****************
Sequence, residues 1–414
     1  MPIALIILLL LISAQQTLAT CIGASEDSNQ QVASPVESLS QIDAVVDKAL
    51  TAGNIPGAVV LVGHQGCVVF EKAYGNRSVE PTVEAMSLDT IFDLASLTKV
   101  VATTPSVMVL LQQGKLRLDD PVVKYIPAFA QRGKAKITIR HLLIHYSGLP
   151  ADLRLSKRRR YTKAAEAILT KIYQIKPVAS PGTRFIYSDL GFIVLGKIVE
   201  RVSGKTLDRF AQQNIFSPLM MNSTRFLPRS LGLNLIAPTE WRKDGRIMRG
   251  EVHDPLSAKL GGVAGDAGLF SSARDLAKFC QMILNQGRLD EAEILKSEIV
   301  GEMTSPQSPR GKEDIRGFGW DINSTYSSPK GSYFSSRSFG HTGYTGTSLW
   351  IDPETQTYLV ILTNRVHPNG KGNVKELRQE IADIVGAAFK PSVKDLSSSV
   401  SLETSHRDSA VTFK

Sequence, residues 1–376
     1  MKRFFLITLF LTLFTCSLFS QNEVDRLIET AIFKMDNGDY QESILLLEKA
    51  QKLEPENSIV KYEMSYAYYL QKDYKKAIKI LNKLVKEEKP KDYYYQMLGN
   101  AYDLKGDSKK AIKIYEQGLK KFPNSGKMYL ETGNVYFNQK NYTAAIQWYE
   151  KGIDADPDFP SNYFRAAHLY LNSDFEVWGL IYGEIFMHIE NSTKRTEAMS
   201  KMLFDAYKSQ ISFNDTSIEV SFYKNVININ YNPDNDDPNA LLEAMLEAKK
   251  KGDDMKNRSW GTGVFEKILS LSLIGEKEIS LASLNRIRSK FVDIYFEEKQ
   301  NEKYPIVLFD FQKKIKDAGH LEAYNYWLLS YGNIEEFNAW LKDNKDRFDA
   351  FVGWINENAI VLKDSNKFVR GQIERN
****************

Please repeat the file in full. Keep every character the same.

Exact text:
Sequence, residues 1–414
     1  MPIALIILLL LISAQQTLAT CIGASEDSNQ QVASPVESLS QIDAVVDKAL
    51  TAGNIPGAVV LVGHQGCVVF EKAYGNRSVE PTVEAMSLDT IFDLASLTKV
   101  VATTPSVMVL LQQGKLRLDD PVVKYIPAFA QRGKAKITIR HLLIHYSGLP
   151  ADLRLSKRRR YTKAAEAILT KIYQIKPVAS PGTRFIYSDL GFIVLGKIVE
   201  RVSGKTLDRF AQQNIFSPLM MNSTRFLPRS LGLNLIAPTE WRKDGRIMRG
   251  EVHDPLSAKL GGVAGDAGLF SSARDLAKFC QMILNQGRLD EAEILKSEIV
   301  GEMTSPQSPR GKEDIRGFGW DINSTYSSPK GSYFSSRSFG HTGYTGTSLW
   351  IDPETQTYLV ILTNRVHPNG KGNVKELRQE IADIVGAAFK PSVKDLSSSV
   401  SLETSHRDSA VTFK

Sequence, residues 1–376
     1  MKRFFLITLF LTLFTCSLFS QNEVDRLIET AIFKMDNGDY QESILLLEKA
    51  QKLEPENSIV KYEMSYAYYL QKDYKKAIKI LNKLVKEEKP KDYYYQMLGN
   101  AYDLKGDSKK AIKIYEQGLK KFPNSGKMYL ETGNVYFNQK NYTAAIQWYE
   151  KGIDADPDFP SNYFRAAHLY LNSDFEVWGL IYGEIFMHIE NSTKRTEAMS
   201  KMLFDAYKSQ ISFNDTSIEV SFYKNVININ YNPDNDDPNA LLEAMLEAKK
   251  KGDDMKNRSW GTGVFEKILS LSLIGEKEIS LASLNRIRSK FVDIYFEEKQ
   301  NEKYPIVLFD FQKKIKDAGH LEAYNYWLLS YGNIEEFNAW LKDNKDRFDA
   351  FVGWINENAI VLKDSNKFVR GQIERN